Activists from the infamous hacker group known as Anonymous have disabled the United States Sentencing Commission's website and have vowed to release classified government information in revenge for the death of Internet freedom advocate Aaron Swartz.
The hackers replaced the website of the commission, an independent agency of the U.S. Justice Department involved in sentencing, with a video denouncing the government and praising the 26-year-old activist, who hanged himself two weeks ago as his trial date for allegedly hacking into a computer network neared.
Swartz, who was accused of illegally downloading academic articles from the Massachusetts Institute of Technology (MIT), faced up to 35 years in prison and a $1 million fine.
He had long promoted open access of information on the Web and had allegedly planned to distribute the information free of charge.
Swartz, who was found hanged in his New York apartment earlier this month, was just 14 years of age when he co-developed the RSS feeds that are now the norm for publishing updates online. He then went on to help launch social news website Reddit.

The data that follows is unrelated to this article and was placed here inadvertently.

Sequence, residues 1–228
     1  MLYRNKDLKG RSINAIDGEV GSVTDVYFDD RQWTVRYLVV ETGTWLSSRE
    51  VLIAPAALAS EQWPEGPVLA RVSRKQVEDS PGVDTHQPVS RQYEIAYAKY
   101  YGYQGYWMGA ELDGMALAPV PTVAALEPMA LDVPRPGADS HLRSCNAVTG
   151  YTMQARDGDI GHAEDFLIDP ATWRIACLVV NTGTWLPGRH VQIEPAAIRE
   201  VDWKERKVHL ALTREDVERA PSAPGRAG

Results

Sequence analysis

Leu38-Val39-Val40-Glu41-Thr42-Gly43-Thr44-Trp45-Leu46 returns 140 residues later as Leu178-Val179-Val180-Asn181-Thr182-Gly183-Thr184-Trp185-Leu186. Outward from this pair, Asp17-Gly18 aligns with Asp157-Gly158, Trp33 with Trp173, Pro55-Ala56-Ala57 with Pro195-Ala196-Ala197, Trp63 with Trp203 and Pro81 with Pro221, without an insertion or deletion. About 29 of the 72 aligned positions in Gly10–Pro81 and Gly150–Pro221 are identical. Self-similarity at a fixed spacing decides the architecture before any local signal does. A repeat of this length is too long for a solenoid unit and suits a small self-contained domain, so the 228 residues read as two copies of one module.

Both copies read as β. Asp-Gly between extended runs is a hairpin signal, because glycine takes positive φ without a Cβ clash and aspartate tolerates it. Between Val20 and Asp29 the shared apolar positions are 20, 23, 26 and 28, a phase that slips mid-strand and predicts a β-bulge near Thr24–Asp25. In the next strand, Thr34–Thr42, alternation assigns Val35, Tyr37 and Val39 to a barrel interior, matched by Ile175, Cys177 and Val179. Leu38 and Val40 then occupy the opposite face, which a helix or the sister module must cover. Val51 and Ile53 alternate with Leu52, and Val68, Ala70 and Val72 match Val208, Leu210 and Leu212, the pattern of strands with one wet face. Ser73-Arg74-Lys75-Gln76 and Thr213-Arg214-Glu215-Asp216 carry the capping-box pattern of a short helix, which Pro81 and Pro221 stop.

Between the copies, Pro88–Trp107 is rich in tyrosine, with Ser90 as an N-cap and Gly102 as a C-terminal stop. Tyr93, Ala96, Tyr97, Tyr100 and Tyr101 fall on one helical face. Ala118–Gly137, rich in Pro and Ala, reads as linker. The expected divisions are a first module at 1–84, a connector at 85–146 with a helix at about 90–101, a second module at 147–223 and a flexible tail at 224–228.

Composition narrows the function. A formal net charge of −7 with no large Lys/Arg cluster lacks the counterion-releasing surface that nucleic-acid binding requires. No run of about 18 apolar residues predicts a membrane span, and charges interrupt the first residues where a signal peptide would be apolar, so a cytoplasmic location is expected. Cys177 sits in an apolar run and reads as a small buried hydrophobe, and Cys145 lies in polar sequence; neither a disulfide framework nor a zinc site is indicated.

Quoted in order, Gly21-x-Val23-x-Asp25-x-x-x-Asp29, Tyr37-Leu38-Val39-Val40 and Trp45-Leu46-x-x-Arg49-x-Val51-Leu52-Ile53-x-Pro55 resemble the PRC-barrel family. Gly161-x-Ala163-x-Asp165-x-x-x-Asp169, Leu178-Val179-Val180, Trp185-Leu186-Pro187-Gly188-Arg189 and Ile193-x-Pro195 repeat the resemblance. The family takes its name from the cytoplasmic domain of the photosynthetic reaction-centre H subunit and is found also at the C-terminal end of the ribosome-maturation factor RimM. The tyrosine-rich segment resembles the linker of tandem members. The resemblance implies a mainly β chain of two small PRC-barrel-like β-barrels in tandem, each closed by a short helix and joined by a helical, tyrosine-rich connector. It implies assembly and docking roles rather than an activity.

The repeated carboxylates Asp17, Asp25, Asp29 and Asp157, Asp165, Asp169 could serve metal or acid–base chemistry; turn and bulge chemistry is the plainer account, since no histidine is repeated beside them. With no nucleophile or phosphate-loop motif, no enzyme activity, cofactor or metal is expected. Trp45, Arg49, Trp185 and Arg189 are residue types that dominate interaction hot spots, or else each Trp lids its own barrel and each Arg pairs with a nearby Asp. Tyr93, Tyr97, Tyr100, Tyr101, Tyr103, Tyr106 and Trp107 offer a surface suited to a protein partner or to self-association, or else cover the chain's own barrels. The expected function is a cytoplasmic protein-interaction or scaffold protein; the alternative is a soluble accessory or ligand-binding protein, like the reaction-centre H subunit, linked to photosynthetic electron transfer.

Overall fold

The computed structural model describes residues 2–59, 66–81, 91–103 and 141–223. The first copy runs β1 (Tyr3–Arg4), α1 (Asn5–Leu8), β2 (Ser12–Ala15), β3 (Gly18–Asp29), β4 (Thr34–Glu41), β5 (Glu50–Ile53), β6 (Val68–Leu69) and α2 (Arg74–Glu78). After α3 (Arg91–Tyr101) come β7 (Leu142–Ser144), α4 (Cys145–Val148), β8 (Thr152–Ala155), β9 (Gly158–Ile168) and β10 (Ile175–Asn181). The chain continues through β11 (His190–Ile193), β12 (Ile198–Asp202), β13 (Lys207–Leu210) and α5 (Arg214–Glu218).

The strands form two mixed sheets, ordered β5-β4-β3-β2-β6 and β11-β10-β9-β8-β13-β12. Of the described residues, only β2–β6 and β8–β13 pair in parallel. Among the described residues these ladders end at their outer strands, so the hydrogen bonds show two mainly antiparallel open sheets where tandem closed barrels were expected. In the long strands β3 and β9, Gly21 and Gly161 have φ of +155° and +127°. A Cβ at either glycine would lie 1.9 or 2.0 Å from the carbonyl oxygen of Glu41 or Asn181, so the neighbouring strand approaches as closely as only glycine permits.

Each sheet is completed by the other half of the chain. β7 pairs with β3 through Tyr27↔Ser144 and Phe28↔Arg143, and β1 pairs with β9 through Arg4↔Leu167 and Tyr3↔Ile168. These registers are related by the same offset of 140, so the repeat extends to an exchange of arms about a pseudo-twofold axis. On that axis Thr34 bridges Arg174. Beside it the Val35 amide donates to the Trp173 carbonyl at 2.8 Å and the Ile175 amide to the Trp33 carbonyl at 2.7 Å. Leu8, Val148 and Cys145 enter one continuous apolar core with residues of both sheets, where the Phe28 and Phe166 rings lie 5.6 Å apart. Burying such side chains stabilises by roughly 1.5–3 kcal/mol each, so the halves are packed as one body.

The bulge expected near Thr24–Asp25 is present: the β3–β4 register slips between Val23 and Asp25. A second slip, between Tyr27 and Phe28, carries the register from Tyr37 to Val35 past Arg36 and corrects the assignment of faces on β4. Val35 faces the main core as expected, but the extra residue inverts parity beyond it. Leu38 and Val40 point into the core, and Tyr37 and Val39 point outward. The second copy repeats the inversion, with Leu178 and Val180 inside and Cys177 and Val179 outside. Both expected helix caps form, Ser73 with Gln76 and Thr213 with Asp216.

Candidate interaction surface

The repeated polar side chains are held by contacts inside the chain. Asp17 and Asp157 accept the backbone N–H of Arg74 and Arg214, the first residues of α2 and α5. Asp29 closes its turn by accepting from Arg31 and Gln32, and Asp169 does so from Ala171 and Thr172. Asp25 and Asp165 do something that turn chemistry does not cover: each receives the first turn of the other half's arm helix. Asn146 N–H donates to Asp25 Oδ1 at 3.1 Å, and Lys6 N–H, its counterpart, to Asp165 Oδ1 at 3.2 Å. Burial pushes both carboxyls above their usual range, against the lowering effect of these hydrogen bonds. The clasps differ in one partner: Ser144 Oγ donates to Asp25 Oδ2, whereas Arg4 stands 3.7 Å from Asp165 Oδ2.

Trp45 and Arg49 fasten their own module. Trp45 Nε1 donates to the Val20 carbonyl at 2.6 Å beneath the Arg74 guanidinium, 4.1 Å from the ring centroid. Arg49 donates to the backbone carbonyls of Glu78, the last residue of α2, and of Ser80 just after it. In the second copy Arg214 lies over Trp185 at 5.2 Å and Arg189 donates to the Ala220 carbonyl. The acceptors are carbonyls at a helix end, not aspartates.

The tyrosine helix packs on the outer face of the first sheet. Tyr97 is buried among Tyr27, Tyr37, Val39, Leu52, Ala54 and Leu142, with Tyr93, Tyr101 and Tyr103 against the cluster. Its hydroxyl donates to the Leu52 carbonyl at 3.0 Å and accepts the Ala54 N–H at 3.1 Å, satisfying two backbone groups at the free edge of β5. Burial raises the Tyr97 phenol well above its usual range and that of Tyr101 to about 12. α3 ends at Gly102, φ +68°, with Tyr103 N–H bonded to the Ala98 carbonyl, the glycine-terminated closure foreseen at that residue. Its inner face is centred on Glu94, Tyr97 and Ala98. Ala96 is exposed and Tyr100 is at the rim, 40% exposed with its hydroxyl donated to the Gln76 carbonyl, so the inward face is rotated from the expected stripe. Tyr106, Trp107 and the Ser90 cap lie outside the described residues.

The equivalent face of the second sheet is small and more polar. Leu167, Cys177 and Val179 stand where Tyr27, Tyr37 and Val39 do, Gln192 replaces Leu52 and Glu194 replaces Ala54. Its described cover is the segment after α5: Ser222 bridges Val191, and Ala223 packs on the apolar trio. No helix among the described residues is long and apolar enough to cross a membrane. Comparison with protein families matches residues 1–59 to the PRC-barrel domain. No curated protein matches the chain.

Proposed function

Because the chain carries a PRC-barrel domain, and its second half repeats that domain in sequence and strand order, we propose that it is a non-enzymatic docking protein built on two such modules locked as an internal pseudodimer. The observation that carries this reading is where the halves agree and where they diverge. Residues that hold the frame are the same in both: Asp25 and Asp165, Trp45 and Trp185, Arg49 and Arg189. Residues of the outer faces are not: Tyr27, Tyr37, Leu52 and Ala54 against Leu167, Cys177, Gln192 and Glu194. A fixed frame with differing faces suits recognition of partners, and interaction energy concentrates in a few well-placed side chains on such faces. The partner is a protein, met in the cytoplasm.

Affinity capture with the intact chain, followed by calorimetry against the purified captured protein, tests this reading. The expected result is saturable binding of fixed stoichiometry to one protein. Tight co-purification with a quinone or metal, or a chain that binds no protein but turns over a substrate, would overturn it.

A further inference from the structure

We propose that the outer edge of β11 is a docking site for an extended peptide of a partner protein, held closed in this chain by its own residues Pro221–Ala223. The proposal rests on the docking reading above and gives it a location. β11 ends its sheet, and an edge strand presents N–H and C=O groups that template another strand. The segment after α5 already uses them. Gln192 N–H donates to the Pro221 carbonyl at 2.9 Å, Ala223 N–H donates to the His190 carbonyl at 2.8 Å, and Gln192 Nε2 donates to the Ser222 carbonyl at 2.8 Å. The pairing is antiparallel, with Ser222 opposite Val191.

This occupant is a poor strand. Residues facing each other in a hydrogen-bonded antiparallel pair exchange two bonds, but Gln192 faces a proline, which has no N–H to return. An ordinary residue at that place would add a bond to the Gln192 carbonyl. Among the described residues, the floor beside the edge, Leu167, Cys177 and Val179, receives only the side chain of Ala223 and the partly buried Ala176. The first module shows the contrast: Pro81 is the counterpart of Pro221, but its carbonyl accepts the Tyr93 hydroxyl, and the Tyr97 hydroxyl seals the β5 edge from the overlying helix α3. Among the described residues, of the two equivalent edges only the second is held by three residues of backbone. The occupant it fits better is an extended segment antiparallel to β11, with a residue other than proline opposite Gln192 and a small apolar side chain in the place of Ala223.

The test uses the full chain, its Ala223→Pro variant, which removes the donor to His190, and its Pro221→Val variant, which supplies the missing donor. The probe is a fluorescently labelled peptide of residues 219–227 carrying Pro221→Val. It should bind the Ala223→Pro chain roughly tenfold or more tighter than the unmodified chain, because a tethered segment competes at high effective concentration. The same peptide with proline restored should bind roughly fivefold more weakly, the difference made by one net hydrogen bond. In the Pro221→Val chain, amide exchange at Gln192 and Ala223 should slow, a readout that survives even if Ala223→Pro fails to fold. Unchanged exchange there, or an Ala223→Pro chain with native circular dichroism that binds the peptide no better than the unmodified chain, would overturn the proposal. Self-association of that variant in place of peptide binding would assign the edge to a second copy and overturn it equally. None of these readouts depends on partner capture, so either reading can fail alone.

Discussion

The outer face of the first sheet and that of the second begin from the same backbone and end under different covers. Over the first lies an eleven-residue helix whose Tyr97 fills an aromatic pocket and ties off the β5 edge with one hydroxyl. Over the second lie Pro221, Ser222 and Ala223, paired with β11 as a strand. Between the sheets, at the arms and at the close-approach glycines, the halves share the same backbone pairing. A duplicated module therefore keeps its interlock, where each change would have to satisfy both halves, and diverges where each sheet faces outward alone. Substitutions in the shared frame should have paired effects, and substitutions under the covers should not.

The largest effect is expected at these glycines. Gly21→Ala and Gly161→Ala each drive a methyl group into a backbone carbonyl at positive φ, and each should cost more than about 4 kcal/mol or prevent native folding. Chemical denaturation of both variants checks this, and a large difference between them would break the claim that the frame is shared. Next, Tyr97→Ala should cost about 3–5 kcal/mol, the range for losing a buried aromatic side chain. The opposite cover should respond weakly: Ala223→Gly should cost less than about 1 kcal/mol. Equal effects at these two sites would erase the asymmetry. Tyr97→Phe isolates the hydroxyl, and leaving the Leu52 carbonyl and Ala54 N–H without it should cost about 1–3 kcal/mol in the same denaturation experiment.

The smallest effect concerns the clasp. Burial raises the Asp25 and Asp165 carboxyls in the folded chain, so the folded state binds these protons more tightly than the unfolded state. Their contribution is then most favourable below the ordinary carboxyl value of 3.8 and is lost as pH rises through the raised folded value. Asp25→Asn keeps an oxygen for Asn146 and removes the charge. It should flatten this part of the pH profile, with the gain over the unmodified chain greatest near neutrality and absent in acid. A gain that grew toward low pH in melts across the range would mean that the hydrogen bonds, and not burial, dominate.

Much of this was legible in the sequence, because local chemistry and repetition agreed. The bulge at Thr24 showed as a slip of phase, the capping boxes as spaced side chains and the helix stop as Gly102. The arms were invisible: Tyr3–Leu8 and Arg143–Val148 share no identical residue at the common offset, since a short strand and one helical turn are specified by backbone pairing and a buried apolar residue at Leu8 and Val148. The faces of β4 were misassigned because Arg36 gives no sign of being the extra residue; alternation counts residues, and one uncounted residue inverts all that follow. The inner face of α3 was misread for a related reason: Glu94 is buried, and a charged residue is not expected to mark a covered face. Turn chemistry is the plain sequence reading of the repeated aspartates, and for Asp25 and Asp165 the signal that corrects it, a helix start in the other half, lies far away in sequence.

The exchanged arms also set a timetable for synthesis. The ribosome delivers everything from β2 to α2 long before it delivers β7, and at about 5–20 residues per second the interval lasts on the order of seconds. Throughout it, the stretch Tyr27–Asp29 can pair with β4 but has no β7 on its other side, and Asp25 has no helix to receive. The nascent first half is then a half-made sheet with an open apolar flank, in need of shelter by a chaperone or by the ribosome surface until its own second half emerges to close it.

"As a result of the FBI's infiltration and entrapment tactics, several more of our brethren now face similar disproportionate persecution, the balance of their lives hanging on the severely skewed scales of a broken justice system," Anonymous said in a video posted on YouTube.
The hackers said they had infiltrated several U.S. government computer networks and could release secret data they had succeeded in copying.
Likening the data to a nuclear weapon, Anonymous said it had "enough fissile material for multiple warheads" it could launch against the Justice Department and agencies that the group says breach individual liberties.
The FBI’s Criminal, Cyber, Response Services branch put out a statement Saturday: “We were aware as soon as it happened and are handling it as a criminal investigation. We are always concerned when someone illegally accesses another person's or government agency's network.”
The Anonymous operation came just days after U.S. Homeland Security Secretary Janet Napolitano warned of a looming "cyber 9/11" that could especially target critical infrastructure planks such as water, electricity and gas lines.
The loosely affiliated network of hacktivists has attacked sites around the world, including those of MasterCard and Visa, the Justice Department and the Tunisian and Yemeni governments.